One of our favorite qualities that's getting a lot of attention is generosity. Adam Grant at Wharton has been preaching the value of generous leaders. He argues that the people who win aren't the people who are only interested in getting to the top, no matter what the means. Rather, he sees the people who are truly winning are the leaders who support causes that really help people--and that includes helping their own employees as well as people all over the globe.
"There are three payoffs associated with teaching employees about the power of agency, boundaries on availability, and perspective taking. The first is saving your best employees—those who exemplify collegial generosity—from being taken advantage of and helping them to gain stature as successful givers instead. The second is enabling employees who fear the risks of giving to contribute more to others and to the success of the enterprise. The third is creating a culture of and reputation for generosity that attracts more givers to your organization and appeals less to takers." - Adam Grant
No more dictators. Executive officers won't get very far if they continue to believe exclusively in top-down strategies. Real leaders understand that the company's success relies on employees' ability to own what goes on. If they feel they are heard, they are more likely to put their best efforts into projects and products. In 2015, turn up the listening and follow through with what you're hearing.
Stretch goals are over-rated. Only 10% of stretch goals are really effective. Start with finding your own sense of purpose and throw out your goal checklist. Being a leader is a lifestyle, not a task list. If you love what you're doing, and have a strong vision you'll get things done. Once you've got a strong sense of purpose, help your employees find their own sense of purpose? Help them get beyond feeling like a drone.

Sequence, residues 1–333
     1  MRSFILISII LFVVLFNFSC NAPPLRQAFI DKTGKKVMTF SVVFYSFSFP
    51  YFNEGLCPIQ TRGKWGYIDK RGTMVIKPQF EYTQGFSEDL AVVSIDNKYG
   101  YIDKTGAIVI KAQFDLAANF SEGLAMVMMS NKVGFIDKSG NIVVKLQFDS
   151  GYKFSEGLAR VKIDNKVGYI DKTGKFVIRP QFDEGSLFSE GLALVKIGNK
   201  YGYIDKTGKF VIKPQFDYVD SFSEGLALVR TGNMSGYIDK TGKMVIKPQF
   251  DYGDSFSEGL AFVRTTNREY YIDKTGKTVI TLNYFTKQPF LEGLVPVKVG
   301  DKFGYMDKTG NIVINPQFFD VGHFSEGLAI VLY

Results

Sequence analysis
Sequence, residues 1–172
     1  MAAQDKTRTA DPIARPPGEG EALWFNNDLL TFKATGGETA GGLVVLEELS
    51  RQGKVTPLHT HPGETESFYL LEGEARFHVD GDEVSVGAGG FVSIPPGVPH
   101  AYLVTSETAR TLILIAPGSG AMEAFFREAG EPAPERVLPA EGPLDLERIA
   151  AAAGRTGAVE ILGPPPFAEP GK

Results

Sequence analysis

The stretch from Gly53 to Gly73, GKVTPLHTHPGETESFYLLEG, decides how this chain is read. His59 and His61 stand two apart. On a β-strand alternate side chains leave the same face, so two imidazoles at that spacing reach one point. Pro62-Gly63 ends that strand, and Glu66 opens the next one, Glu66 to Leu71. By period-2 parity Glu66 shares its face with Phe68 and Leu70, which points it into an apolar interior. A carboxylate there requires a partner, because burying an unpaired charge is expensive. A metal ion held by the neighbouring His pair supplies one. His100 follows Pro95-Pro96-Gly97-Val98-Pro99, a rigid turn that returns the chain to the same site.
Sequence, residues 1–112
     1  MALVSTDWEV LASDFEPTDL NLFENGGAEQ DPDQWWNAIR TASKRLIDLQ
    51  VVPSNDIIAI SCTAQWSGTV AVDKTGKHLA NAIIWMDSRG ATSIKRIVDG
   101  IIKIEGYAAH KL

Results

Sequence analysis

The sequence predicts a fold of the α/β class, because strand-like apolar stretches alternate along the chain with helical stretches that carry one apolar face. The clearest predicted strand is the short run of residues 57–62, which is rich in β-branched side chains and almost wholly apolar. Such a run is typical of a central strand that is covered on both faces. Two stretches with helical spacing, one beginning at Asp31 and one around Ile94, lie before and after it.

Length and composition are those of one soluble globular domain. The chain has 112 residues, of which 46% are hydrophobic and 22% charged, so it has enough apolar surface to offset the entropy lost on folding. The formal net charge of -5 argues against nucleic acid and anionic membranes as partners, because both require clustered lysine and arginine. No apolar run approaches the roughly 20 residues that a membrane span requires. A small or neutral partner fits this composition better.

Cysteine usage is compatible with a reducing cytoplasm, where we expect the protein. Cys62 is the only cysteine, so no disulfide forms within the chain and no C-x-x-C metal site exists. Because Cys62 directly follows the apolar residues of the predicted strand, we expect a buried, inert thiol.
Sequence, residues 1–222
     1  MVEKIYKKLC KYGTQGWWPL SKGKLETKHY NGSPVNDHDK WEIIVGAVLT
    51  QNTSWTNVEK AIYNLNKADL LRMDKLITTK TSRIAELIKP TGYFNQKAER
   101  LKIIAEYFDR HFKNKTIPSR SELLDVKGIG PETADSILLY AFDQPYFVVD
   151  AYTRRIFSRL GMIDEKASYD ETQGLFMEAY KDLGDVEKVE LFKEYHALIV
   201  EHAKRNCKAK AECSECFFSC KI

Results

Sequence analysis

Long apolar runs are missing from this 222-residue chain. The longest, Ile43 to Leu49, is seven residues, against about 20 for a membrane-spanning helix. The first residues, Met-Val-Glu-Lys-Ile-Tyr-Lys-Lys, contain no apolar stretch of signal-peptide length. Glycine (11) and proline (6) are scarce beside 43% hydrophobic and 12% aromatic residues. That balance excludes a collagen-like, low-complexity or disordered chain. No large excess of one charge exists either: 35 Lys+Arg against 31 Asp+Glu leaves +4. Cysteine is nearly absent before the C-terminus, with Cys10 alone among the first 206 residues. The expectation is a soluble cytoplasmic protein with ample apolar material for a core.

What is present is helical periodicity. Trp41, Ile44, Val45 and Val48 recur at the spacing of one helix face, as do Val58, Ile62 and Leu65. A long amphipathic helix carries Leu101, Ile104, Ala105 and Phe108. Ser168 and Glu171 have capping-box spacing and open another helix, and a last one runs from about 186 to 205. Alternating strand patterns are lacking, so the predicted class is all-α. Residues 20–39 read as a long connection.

There's a new generation fully integrated into the workplace now: Millennials. Have you heard of them? Are you one of them? They are truly unconventional when it comes to career expectations, and if you want the best and the brightest at your company, you'll have to embrace a few things: flexible schedules, time off for family, a sense of purpose and meaning, pathways for promotion and growth, etc.
In short, more and more people value a better work-life balance.
Emotional intelligence, anyone? How well can you read people? Are you able to put yourself in someone else's shoes--truly? A great leader shouldn't be "putting out fires." They should be preventing fires. If you are able to see when someone is taking on too much, you can find a way to help them distribute their workload or give them a sense of what your priorities are.
Fun quiz: can you read people's emotions just by looking at their eyes?
It's difficult to focus on today when you're concerned about hitting all of your goals, but you might be surprised how you'll hit those goals if you break things down to day-to-day tasks. Multitasking is nobody's friend. Well, maybe only a friend for 2%. Mashable reported that multitasking only works for about 2% of the population.